We all know someone who has psychopathy; however, not everyone knows the truth about it, how to identify the warning signs or what to do next once they identify the psychopath. Dr. Ron Schouten, Director of the Forensic Psychiatry Fellowship at St. Elizabeth’s Hospital, Director Emeritus of the Law & Psychiatry Service of the Massachusetts General Hospital, and Chair of the Association of Threat Assessment Professionals Governmental Affairs Committee, joins Arden and Diana this week to discuss the complexities of psychopathy. Dr. Schouten says you should not despair if someone you love shows signs of psychopathy and you should not overreact to their symptoms. Tune in as we chat about what to do when a loved one is diagnosed with psychopathy and how to identify a psychopath at the country club.
In This Episode:
- [02:05] Psychopath: meaning, signs, and what to know.
- [14:45] How you can identify a psychopath at the country club.
- [21:50] What happens when a psychopath comes from enormous wealth.
- [24:40] Is your loved one diagnosed with psychopathy? Dr. Schouten explains what you can do now.
- [31:10] Even before you get to the diagnosis of psychopathy, start looking at treatment possibilities.
- If psychopaths feel entitled to certain wealth and certain privileges, they will act in any way they can to sustain it.
- Many psychopaths who come from extreme wealth will never face the consequences of their behavior.
- For children, get evaluations done early and find an adolescent psychiatrist.
- Some people think residential treatment will be good for psychopathy. However, you need to be careful that the treatment centers are not authoritarian based.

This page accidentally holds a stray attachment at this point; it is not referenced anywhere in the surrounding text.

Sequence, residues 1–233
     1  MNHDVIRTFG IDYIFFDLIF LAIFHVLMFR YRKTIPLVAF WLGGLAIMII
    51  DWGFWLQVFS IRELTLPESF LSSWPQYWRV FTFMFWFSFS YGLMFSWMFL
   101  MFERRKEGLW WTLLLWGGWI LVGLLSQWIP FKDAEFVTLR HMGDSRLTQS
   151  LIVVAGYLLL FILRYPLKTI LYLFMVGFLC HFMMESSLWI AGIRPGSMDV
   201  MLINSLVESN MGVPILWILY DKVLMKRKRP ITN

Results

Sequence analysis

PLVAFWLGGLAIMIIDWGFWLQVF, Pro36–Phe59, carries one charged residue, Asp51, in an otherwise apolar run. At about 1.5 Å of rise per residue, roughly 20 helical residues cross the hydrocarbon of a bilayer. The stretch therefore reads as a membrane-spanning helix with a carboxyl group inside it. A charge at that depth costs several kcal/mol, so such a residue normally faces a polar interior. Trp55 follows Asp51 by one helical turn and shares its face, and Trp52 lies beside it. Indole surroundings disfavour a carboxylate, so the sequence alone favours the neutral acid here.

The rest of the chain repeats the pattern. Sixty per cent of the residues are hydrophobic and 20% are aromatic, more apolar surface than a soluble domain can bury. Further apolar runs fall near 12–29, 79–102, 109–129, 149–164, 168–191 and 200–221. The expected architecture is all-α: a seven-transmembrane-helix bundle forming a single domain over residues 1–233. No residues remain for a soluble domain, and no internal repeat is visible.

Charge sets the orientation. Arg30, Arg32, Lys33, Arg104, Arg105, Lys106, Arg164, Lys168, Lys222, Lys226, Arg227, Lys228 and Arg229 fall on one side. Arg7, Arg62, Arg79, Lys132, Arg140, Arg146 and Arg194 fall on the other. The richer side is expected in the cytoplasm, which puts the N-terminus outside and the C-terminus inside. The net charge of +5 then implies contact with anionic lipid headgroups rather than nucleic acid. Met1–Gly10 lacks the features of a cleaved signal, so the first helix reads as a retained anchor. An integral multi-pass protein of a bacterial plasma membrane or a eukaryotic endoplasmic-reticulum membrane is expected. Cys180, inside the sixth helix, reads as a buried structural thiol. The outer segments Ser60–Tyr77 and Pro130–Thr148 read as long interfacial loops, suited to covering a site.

Meet Dr. Ron Schouten
Ronald Schouten, M.D., J.D. is Director of the Forensic Psychiatry Fellowship at St. Elizabeth’s Hospital in Washington, DC, Director Emeritus of the Law & Psychiatry Service (LPS) of the Massachusetts General Hospital (MGH), and Chair of the Association of Threat Assessment Professionals (ATAP) Governmental Affairs Committee. Dr. Schouten previously served as Director of the MGH/Harvard Medical School Forensic Psychiatry Fellowship and is an Associate Professor of Psychiatry at Harvard Medical School.
Dr. Schouten practiced employment law before pursuing his medical studies and career as a forensic and clinical psychiatrist, in which he has served as an expert consultant in criminal and civil matters. He has served as a subject matter expert and consultant on mass violence, biosecurity, and violent extremism.
He was the mental health liaison for the Association of Trial Lawyers of America to the September 11 Victims’ Fund and served on consensus panels drafting guidelines on workplace violence for the FBI and the American Society for Industrial Security. Dr. Schouten has been a consultant to the FBI’s National Center for the Analysis of Violent Crime, working with BAU-1 on terrorism and campus shooting matters.
Dr. Schouten is a Board-Certified Psychiatrist with Added Qualifications in Forensic Psychiatry, a Past President of the Academy of Organizational and Occupational Psychiatry, licensed to practice medicine in Massachusetts, California, New York, and the District of Columbia, and is a Member of the Bar of the State of Illinois. In 2016, he was named a Distinguished Life Fellow of the American Psychiatric Association.
He is the co-author of “Almost a Psychopath: Do I (or Does Someone I Know) Have a Problem with Manipulation and Lack of Empathy” published by Hazelden/Harvard Health Publications in 2012. He is the editor of “Mental Health Practice and the Law”
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